Celebration Of Pohela Boishakh Essay Taxidermy Research Paper

The festival celebrates the simple rural cultural heritage of ancient Bengal, which today is comprised of present-day Bangladesh and the Indian state of West Bengal.

In modern times, the festival has gained popularity in urban centers like Dhaka where people migrated en masse in the hope of bettering their lives. As part of the day, the teachers and students of the Fine Arts Institute will join hundreds of people during the colorful (welfare procession) which includes large figurines of birds, animals and dolls wearing colorful masks, singing and dancing to the beat of drums and rhythm of music.

In villages, women clean their houses and, days before the festival, they place and pajamas.

Preserving harmony and tolerance For Bangladeshis, the New Year comes amid a climate of fear and anxiety.

Across Bangladesh, churches hold special prayers for the well being of the nation and Christian organizations, including education institutes, organize rallies, fair and cultural programs.

The church "highly appreciates and endorses" universal festivals like Pohela Boishakh, which brings together people of all religions including indigenous people, says Father Patrick Gomes, secretary of the Interreligious Dialogue Commission in northern Rajshahi Diocese.

"People's lives in the modern age are complicated and divided in various categories and classes.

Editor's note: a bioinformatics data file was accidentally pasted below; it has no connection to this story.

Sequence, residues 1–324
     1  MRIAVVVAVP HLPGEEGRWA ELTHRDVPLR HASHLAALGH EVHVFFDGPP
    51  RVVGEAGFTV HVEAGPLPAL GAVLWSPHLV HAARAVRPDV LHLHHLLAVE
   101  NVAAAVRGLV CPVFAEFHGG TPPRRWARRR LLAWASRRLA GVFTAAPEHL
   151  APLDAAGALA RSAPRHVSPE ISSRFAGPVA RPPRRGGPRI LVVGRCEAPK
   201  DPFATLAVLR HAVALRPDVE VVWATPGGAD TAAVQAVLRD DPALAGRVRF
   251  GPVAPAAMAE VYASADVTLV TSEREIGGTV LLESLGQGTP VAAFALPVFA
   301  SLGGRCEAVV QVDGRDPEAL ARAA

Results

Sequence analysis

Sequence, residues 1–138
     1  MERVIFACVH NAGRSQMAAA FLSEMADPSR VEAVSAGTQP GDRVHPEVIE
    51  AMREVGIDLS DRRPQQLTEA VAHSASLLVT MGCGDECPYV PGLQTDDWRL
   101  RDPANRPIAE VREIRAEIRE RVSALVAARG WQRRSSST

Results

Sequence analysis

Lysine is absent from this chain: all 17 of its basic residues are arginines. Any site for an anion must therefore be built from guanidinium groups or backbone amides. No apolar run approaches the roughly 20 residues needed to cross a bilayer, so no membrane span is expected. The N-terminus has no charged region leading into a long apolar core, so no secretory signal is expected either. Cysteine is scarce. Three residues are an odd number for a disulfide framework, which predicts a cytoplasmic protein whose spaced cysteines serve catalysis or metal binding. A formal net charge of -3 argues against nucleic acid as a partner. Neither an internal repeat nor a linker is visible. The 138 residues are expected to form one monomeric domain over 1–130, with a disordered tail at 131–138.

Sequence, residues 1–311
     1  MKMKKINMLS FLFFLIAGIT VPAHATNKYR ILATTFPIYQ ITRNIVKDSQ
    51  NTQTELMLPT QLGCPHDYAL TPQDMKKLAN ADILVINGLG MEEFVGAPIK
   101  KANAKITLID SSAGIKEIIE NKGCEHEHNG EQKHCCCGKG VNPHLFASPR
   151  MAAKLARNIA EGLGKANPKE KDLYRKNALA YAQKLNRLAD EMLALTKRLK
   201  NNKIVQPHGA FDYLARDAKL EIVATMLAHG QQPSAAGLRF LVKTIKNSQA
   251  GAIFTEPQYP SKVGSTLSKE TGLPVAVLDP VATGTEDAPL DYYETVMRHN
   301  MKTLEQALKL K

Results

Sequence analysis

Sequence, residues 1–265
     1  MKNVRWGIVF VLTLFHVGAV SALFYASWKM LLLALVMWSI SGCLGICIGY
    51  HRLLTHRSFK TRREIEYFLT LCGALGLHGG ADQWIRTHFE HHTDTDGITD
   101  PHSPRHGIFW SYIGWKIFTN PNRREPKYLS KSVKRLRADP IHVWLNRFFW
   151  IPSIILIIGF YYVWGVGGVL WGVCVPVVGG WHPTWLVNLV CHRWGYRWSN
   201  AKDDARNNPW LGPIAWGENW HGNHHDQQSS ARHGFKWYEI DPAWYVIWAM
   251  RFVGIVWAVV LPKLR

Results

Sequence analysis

Despite huge enthusiasm, people often fail to behold the true spirit of the New Year, laments prominent writer and researcher Soumitra Shekhar.It helps us put aside failures and shortcomings of the past year, to start a new year with a clean heart," she adds.Opening of a or a new account book, is a common feature of Pohela Boishakh festival.For Suborna, the arts student, the festival is a call to end differences and forge unity."We celebrate our traditions and cultural heritage on this day together forgetting our differences and backgrounds.During the past several weeks, Suborna had been painting and making masks of human, animal and bird faces with her classmates from the Fine Arts Institute of Dhaka University.Every year, the students from the institute prepare and sell hundreds of masks during Bangla New Year, popularly known as , the first day of the Bengali calendar, which falls on April 14.But the popular festival could be a catalyst for uniting people against rising religious fundamentalism, says Father Tapan De Rozario, a Catholic priest and chairman of the World Religions and Culture department at Dhaka University."Pohela Boishakh is a time to reignite religious harmony and tolerance as this festival cuts across religious boundaries.But Suborna, 28, a Muslim and final year graduate, fears she won't sell many this year due to a government ban on face masks for security reasons.Security concerns were also sited last week by the government for their reason to ban all open-air New Year celebrations after 5 p.m. is our largest cultural festival," says Suborna, who goes by only one name.

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